"Today, I decided to tender my resignation as the Minister of Economic Development and Trade of Ukraine," Abromavicius said in a statement published on the ministry's website. "It has become clear that any kind of systematic reform is decisively blocked. It is more than the mere lack of support or political will. These are concrete actions aiming to paralyze our reform efforts."
"Neither me, nor my team, have any desire to serve as a cover-up for covert corruption, or become puppets for those who, very much like the 'old government', are trying to exercise control over the flow of public funds. I am not willing to travel to Davos and talk about our successes to international investors and partners, all the while knowing that certain individuals are scheming to pursue their own interests behind my back," the minister added.
Hours later, Natalia Mykolskiy, the deputy minister of economic development, followed Abromavicius, and similarly announced her resignation.
Much of the Western media was also disappointed with the announcement, Bloomberg calling the resignation "a new setback" for a government "splintering over issues from the war in the nation's east to faltering anti-corruption efforts." Abromavicius's departure, the business news agency suggested, "underlines growing dysfunction in Ukraine, where memories of broken reform promises from the 2004 Orange Revolution persist."
Meanwhile, Serhiy Arbuzov, the former vice prime minister from the Ukrainian administration thrown out of office during the Maidan coup d'état in February 2014, suggested that Abromavicius's resignation is evidence that "the members of the 'Maidan' team are fleeing the sinking ship, unwilling to take personal responsibility for collective actions like the collapse of the economy, deteriorating standards of living and arms gang on the streets of Ukrainian cities."
For their part, Ukrainian political analysts stated the obvious: that the economic minister's resignation is an indication that the cracks in the country's increasingly dysfunctional government are turning into a chasm. Some suggested that the minister might end up joining the camp of disgraced former Georgian president and current Odessa governor Mikheil Saakashvili, with others saying that Abromavicius may be attempting to force President Petro Poroshenko's hand in eliminating his own opponents.
One of the Ukrainian government's great champions of reform…and a believer in the future Ukraine's people deserve https://t.co/cwdnsl29OK— Geoffrey Pyatt (@GeoffPyatt) 3 февраля 2016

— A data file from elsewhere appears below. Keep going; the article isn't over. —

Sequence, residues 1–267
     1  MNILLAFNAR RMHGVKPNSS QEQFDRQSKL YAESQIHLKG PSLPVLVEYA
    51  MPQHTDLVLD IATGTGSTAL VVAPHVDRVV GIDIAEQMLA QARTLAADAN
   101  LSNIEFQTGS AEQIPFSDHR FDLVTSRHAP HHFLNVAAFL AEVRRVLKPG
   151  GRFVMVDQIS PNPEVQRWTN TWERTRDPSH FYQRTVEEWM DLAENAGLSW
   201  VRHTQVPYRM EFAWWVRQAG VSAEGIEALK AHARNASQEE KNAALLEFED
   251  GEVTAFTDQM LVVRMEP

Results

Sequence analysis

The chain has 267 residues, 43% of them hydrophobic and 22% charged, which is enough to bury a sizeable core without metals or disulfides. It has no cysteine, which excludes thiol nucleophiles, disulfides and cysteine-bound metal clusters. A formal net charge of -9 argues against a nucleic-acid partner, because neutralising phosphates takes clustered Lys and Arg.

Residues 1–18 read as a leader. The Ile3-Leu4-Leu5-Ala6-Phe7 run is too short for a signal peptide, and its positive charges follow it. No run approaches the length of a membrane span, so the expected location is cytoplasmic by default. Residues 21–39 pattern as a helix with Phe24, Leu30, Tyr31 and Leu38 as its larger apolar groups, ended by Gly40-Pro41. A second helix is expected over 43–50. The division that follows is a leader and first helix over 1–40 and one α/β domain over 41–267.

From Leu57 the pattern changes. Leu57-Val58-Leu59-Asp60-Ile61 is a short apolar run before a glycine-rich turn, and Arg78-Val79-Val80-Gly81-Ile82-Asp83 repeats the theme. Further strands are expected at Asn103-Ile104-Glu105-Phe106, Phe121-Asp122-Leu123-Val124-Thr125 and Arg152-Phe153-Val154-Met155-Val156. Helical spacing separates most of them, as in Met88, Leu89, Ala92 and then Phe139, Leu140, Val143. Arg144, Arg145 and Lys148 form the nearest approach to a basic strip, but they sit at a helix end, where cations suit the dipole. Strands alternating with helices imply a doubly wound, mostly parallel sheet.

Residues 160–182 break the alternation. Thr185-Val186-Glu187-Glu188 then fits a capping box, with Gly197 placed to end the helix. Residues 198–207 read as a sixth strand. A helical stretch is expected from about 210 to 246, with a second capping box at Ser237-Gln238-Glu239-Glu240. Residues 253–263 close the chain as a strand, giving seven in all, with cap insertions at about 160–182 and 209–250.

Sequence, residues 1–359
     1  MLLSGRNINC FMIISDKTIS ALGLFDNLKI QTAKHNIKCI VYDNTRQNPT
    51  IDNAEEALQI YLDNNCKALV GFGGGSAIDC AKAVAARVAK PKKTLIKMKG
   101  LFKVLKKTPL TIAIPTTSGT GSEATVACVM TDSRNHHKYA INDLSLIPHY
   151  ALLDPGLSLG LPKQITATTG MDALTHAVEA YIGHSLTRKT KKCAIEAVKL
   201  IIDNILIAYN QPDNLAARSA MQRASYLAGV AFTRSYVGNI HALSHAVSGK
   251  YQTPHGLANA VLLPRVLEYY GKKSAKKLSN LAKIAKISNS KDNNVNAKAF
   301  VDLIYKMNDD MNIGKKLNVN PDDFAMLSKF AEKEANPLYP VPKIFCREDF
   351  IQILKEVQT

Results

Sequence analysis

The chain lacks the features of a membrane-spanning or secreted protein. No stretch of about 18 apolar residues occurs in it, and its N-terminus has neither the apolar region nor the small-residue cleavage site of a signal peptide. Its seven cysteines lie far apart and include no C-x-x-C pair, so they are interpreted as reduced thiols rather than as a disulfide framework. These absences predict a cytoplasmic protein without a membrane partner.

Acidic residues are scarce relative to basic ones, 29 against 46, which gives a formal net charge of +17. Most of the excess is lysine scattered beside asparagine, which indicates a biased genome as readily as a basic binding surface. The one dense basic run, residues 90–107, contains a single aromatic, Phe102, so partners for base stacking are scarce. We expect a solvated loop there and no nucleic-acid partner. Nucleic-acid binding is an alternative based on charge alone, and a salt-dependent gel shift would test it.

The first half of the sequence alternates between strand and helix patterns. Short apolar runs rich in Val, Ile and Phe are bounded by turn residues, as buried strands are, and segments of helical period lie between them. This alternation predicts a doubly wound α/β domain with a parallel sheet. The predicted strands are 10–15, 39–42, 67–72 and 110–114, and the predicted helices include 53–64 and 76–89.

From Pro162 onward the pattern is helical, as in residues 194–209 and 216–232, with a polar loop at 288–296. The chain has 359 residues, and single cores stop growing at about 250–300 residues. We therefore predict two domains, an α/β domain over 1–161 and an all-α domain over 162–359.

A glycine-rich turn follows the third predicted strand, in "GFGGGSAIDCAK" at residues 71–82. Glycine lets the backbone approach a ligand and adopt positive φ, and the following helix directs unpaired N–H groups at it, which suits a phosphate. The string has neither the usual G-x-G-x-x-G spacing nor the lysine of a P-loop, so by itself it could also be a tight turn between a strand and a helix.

Others still presented a simpler approach: that the minister resigned due to his incompetence.
"In about two weeks, a report will be submitted to the government on the work done in 2015. It's clear that not a single member of the cabinet, the minister of economy included, has anything to boast about. The country is continuing its plunge into the abyss. All the economic indicators are down, there is no modernization taking place, and no investment in the country. All of this is the responsibility of the ministry of economic development and trade."
The analyst recalled that "when Abromavicius was first appointed, there was a lot of talk about his professional abilities. Prior to his appointment, he worked only in hedge funds – in other words, engaged in speculation, and after that he suddenly received a major government post. Then, as now, it was obvious that he could not deliver. And the fact that he is now trying to write off his failures on [Poroshenko Bloc MP] Ihor Kononenko, or whoever else it may be, is a low move."
"This resignation," Denisov suggests, "is the logical conclusion of the work of the variags* operating in Ukraine. They came in, enriched themselves, and now are trying to escape the sinking ship."
*The variags were pirate Norsemen plundering the coasts of Europe from the 8th to the 10th centuries.
For his part, Dmitri Zhuravlev, the general director of the Institute of Regional Problems, told the newspaper that Abromavicius's dismissal is an indication of American and European elites' utter disappointment with the post-Maidan political project.
"An anti-oligarchic revolution did not take place in Ukraine, and will not take place. The gap between objectives and the reality is so large, that it is noticeable even to the 'foreign legionnaires' in the cabinet. This says a great deal. After all, foreigners do not simply come to Ukraine; they are sent there. Who sends them is another story. But it is hard to imagine that Abromavicius sat in Lithuania thinking about how to get a government post in Ukraine. If he came, it means someone invited him. And if he has decided to leave, it means that 'that someone' is extremely dissatisfied with what is happening in the country."
In the final analysis, Zhuravlev suggests, "America's purely political support for Ukraine as an anti-Russian project will continue. But Ukraine as an economic project is looking less and less attractive in the eyes of its Western partners."